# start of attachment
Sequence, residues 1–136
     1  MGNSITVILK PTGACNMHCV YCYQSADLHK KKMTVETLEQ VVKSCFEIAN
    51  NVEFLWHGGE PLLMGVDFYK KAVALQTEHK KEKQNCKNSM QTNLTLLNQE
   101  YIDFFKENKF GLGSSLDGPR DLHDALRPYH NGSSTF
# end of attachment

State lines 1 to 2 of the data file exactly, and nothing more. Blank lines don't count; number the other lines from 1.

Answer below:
Sequence, residues 1–136
     1  MGNSITVILK PTGACNMHCV YCYQSADLHK KKMTVETLEQ VVKSCFEIAN